Source Pravda.Ru

Provocative new study underscores need for broader definition of torture

Shukrije Gashi spent nearly two years as a political prisoner in Kosovo. Strictly speaking, she was not tortured, but 2 1/2 decades later it still feels that way.

A pro-independence activist when Yugoslav authorities jailed her in 1983, Gashi was confined to a cramped, unventilated cell. She was fed small rations of often-rotten food, allowed to shower just once a month, and endured frequent beatings and verbal abuse.

Today, she still trembles whenever she sees the police. Her ordeal, she says, is "a spiritual burden that stays with you forever."

Prisoners who endure poor or degrading treatment suffer much of the same long-term psychological distress as do captives who are physically tortured, suggests a study published Monday in the U.S.-based Archives of General Psychiatry. Experts said the findings underscore the need for a broader definition of torture.

"What is the basis for the distinction between torture and other cruel and degrading treatment? Science should inform this debate," the study's lead author, Metin Basoglu of the Institute of Psychiatry at King's College in London, told The Associated Press in a telephone interview Monday.

Steve H. Miles of the University of Minnesota's Center for Bioethics, who was not involved in the study, said the findings "show that the severity of long-lasting adverse mental effects is unrelated to whether the torture or degrading treatment is physical or psychological."

"The wrongness of these inflicted harms is compounded by the fact that most abused prisoners, including those in the present war on terror, are innocent or ignorant of terrorist activities," Miles said.

The administration of U.S. President George W. Bush has said the U.S. uses legal interrogation techniques not torture to gain information that could head off terror attacks. It insists that the U.S. complies with the U.N. Convention Against Torture.

Yet Washington's definition of torture, as interpreted by the U.S. Justice Department after reports of American abuses at Guantanamo Bay and in Iraq and Afghanistan surfaced, is fairly narrow.

It excludes mental pain and suffering created by certain acts that do not cause severe physical pain, such as blindfolding, hooding, forced nudity, isolation and deprivation of sleep or light, the researchers said, citing a Dec. 30, 2004, Justice Department memo. It also contends that for an act to be considered torture, there must be proof that it inflicts "prolonged mental harm."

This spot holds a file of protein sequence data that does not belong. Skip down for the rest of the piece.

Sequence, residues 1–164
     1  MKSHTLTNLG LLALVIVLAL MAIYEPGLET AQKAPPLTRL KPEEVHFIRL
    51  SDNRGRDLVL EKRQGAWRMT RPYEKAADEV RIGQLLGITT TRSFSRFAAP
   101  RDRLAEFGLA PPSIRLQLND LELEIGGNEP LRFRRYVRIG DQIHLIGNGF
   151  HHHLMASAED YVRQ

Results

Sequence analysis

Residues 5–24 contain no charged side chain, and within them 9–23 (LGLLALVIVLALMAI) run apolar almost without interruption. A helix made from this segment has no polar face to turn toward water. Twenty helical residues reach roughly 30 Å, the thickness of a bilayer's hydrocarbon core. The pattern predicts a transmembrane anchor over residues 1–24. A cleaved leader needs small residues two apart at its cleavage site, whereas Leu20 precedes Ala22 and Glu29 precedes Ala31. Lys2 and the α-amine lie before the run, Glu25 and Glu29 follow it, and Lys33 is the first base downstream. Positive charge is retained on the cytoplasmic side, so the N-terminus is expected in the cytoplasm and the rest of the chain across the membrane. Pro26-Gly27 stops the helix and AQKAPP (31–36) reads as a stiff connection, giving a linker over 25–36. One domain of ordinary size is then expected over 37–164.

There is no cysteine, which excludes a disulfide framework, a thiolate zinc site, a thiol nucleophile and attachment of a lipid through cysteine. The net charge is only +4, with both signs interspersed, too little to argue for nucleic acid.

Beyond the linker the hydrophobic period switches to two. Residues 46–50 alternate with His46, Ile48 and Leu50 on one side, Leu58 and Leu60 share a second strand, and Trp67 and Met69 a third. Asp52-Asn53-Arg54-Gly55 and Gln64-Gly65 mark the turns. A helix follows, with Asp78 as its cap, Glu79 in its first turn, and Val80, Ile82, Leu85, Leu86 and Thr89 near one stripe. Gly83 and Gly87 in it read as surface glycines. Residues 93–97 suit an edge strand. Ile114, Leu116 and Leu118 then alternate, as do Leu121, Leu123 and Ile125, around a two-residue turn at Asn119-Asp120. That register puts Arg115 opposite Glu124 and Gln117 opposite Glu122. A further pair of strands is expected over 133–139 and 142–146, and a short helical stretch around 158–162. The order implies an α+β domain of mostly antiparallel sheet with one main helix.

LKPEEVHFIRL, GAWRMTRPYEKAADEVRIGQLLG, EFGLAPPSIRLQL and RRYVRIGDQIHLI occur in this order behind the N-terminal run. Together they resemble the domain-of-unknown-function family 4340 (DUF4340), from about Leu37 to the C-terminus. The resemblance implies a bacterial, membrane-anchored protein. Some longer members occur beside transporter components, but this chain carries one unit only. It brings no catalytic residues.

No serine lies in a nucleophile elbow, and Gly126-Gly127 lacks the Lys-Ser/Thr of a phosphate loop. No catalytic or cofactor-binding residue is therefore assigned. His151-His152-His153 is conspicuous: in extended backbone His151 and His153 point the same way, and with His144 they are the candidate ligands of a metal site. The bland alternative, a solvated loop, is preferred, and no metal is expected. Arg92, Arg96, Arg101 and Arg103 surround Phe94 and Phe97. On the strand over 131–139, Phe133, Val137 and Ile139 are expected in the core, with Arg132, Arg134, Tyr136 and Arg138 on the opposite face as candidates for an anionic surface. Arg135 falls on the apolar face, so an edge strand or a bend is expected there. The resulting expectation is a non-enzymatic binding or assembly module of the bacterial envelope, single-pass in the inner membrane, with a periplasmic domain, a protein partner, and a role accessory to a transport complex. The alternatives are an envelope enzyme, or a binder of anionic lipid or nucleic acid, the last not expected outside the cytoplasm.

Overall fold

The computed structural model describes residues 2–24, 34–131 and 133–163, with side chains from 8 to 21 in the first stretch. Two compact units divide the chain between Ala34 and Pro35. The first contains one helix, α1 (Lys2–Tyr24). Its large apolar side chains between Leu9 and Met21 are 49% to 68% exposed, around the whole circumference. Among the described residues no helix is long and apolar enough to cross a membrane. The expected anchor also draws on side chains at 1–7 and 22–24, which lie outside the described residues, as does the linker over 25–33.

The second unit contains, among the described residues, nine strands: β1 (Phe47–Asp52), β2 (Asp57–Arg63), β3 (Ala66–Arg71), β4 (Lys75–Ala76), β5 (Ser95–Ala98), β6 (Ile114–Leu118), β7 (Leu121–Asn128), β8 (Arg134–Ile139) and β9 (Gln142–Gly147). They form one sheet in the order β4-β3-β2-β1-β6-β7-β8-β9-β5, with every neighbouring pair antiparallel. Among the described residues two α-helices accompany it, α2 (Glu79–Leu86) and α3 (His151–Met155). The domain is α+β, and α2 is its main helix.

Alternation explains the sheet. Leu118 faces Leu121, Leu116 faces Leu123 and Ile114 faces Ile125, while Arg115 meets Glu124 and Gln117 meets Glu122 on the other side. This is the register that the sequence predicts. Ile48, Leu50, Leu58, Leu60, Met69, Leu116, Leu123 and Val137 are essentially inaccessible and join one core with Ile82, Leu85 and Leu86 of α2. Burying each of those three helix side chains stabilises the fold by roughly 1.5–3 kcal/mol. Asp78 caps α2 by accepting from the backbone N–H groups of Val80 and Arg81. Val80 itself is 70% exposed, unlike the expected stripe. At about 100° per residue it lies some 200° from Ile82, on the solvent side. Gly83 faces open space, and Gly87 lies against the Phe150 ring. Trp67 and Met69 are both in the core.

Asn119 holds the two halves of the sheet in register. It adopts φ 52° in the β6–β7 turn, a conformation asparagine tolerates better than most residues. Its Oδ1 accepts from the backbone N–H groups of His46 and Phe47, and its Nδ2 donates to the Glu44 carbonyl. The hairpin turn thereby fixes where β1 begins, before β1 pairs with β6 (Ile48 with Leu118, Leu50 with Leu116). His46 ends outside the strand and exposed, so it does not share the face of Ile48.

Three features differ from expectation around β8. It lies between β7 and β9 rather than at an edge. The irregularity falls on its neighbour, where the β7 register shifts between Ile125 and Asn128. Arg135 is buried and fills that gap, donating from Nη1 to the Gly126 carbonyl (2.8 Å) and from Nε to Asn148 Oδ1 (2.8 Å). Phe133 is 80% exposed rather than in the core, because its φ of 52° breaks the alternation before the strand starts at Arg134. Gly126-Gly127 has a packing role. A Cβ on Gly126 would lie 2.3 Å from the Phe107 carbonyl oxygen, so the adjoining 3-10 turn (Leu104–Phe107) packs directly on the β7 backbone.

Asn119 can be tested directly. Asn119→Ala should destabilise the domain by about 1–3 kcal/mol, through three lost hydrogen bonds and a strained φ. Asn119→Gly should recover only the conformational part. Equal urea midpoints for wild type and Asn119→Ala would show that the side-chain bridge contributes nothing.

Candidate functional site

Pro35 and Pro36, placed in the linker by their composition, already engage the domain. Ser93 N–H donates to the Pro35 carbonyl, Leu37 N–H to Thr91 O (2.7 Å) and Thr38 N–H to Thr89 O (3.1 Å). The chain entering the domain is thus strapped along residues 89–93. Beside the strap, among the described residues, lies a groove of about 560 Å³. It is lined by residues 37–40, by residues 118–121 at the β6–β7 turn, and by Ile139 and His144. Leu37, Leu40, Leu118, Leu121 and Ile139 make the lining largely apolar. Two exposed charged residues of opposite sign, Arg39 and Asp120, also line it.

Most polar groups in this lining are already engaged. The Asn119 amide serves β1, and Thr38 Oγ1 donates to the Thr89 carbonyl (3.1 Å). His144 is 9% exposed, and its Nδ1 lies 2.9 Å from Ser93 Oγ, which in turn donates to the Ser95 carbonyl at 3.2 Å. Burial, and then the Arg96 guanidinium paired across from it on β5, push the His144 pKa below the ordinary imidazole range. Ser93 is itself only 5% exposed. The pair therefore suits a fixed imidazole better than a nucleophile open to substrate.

"The implications of such a narrow definition of torture have raised serious concerns in the human rights community," said Monday's study. "These findings suggest that physical pain per se is not the most important determinant of traumatic stress in survivors of torture."

The study involved interviews with 279 victims who suffered various forms of ill treatment and torture while imprisoned in the 1990s in the former Yugoslavia.

The researchers said they found that aggressive interrogation techniques, humiliating treatment, verbal abuse, threats against a captive's family and being forced to watch an acquaintance being tortured produced much of the same long-term mental trauma as physical torture.

"Sham executions, witnessing torture of close ones, threats of rape, fondling of genitals and isolation were associated with at least as much if not more distress than some of the physical torture stressors," they wrote.

Such experiences were just as likely as physical torture to lead to depression or post-traumatic stress disorder, the study said.

"Ill treatment during captivity ... does not seem to be substantially different from physical torture in terms of the severity of mental suffering they cause," it concluded. "These procedures do amount to torture, thereby lending support to their prohibition by international law."

Gashi, the Kosovo activist, copes by writing poetry and running a center for conflict management, reports AP.

But 24 years later, she still can't erase the indelible memories of what she endured.

"The treatment in prison was horrific," she said. "I remain psychologically burdened. Memories of the violence follow me like a shadow."

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